A couple of weeks ago, we were out to dinner with friends at a quaint, local Italian restaurant. As one does when dining Italian, we ordered a bottle of Chianti, or more specifically, Chianti Classico. As we sat enjoying the food, wine, and company, the discussion turned to the little black rooster on the Chianti Classico bottle. Perhaps you’ve seen it…
I started to explain the history behind the black rooster, and why it appears on every bottle of Chianti Classico. However, much to my own embarrassment (I’m a wine blogger, after all; people look to me as a font of wine knowledge and wisdom) I couldn’t recall the story. I knew there was some dispute some centuries ago, and that a black rooster was somehow involved, but that was all I could remember at the time.
So I did what any self-respecting and self-proclaimed wine “expert” would do.
I Googled it.
Contrary to some popular belief, Chianti is not a wine grape. It is a region in Tuscany, Italy, renowned for its red wines made from the Sangiovese grape. Sure, a few decades ago, Chianti suffered from a bit of an identity crisis, but then again, didn’t we all? Back then, Chianti was usually a cheap, low quality wine, better known for its gitchy “basket” bottle (bonus points if you know that it’s called a “fiasco”) than for the wine quality. The fiasco, in turn, was better known as a holder for colorful, dripping candles than as a vessel containing delicious wine.
The Chianti wine region is expansive, spanning some 100 miles between Florence in the north and Siena in the south. However, the most highly regarded Chianti wines come from what has been designated the Chianti Classico region. The Chianti Classico region is that portion of Tuscany considered the original and best Chianti hills and vineyards, dating back to the 1700’s when the Chianti region was first designated.
Which brings us to our story.
As legend has it, in the 13th century, before Italy was a unified country, Florence and Siena were engaged in a land dispute. Can you blame them? If you could claim rights to a prime wine region, wouldn’t you? Anyway, the two feuding cities decided to end their dispute with a race. The plan was that at the crack of dawn on the day of the race, each city would send a rider on horseback toward the other. Where the riders met, the new land border would be established. Of course, 800 years ago, they didn’t have Smartphones to wake them up, or even alarm clocks. Back then, they relied on the good old, low tech rooster!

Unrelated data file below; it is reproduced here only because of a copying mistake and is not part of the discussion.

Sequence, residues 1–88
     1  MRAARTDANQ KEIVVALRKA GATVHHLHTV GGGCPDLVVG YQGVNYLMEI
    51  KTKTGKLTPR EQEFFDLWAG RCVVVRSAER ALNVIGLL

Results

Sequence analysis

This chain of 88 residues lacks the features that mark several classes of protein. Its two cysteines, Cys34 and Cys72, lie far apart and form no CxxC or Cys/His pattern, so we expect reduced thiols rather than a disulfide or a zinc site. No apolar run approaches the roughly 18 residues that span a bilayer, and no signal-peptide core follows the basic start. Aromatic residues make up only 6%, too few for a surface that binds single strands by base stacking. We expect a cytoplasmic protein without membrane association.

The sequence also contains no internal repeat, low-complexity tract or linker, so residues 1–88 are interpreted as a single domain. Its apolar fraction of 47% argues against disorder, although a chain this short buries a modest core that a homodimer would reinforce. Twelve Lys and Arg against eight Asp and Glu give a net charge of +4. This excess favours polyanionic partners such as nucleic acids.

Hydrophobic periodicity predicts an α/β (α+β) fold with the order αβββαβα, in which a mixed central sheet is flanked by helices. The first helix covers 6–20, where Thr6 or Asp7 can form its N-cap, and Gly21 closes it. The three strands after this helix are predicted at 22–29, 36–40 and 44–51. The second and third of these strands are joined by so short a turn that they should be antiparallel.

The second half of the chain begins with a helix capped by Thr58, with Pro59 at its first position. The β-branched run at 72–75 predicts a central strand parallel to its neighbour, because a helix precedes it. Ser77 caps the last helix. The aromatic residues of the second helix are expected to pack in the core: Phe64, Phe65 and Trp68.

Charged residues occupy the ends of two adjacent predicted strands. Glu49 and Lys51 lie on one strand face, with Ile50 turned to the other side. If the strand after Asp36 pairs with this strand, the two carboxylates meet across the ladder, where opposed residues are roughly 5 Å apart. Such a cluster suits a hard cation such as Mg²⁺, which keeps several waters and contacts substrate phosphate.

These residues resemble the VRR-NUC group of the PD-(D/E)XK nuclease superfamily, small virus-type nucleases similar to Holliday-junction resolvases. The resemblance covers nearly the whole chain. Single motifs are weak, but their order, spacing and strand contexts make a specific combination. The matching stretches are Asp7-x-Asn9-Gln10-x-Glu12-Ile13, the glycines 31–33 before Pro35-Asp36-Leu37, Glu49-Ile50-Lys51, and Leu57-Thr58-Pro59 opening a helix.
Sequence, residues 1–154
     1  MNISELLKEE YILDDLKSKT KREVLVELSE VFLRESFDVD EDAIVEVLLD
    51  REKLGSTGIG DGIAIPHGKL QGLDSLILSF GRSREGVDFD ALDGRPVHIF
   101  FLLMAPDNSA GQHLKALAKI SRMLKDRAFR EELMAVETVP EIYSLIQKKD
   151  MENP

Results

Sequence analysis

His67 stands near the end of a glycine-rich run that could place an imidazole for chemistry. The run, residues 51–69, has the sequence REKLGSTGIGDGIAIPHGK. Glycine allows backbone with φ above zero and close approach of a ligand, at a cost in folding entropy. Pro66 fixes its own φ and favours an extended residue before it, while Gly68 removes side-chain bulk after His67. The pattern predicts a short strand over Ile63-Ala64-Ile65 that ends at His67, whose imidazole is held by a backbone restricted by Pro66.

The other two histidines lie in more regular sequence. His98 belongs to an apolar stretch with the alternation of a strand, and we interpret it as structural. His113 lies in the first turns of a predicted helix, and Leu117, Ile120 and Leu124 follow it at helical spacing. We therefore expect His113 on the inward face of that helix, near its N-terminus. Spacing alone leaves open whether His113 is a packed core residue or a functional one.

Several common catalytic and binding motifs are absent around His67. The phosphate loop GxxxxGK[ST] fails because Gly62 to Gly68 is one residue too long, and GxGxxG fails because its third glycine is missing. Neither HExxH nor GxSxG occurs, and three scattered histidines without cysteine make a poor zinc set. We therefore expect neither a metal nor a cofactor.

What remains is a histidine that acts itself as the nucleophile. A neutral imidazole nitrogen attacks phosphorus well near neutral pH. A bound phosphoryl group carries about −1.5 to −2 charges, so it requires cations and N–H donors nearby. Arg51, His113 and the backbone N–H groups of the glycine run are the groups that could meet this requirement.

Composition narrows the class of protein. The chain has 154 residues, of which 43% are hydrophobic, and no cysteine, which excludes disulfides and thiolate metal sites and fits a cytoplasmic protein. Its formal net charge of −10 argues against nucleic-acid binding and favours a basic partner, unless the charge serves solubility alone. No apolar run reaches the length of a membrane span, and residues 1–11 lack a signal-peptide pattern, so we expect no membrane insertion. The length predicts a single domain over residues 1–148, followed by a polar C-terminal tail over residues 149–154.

In Siena, a white rooster was selected as the most dependable, and was given the task of waking their rider. Of course, some strategy must be employed to ensure victory, so the people of Siena fed their white rooster well, to keep him happy and crowing strong! To the north in Florence, a black rooster was chosen. However, the people of Florence had a different strategy. They put their rooster in a box for a few days before the race, with no food.
On the morning of the race, the very hungry and understandably grouchy black rooster of Florence woke at the first sign of light and began crowing, waking the town and more importantly, the rider. In Siena, however, the white rooster, content with a full stomach, slept in a bit. Thus, the rider from Florence got a head start on the rider from Siena and covered much more territory. So much so, that they met just 20 kilometers (about 12 miles) from the walls of Siena. The new border was established, much in Florence’s favor, and the black rooster was established as the mascot of Chianti. The emblem was first adopted in 1384, and has been in use ever since.
Now that you know the story, make a reservation at your favorite local Italian restaurant, order a bottle of Chianti Classico, and amaze your friends with your very impressive knowledge of this entertaining tale.
- By Kent Reynolds